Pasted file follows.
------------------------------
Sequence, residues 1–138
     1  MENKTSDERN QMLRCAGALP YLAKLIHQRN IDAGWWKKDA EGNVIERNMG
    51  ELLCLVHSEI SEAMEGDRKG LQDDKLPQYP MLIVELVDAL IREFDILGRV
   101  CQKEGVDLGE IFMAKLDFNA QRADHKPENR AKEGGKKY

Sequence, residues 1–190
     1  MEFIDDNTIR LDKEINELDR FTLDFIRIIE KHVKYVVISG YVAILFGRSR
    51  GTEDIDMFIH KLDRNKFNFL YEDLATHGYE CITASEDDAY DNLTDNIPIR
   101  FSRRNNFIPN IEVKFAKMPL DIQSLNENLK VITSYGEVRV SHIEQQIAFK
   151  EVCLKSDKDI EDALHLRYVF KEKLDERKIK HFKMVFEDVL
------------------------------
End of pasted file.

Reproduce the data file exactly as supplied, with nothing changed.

Sequence, residues 1–138
     1  MENKTSDERN QMLRCAGALP YLAKLIHQRN IDAGWWKKDA EGNVIERNMG
    51  ELLCLVHSEI SEAMEGDRKG LQDDKLPQYP MLIVELVDAL IREFDILGRV
   101  CQKEGVDLGE IFMAKLDFNA QRADHKPENR AKEGGKKY

Sequence, residues 1–190
     1  MEFIDDNTIR LDKEINELDR FTLDFIRIIE KHVKYVVISG YVAILFGRSR
    51  GTEDIDMFIH KLDRNKFNFL YEDLATHGYE CITASEDDAY DNLTDNIPIR
   101  FSRRNNFIPN IEVKFAKMPL DIQSLNENLK VITSYGEVRV SHIEQQIAFK
   151  EVCLKSDKDI EDALHLRYVF KEKLDERKIK HFKMVFEDVL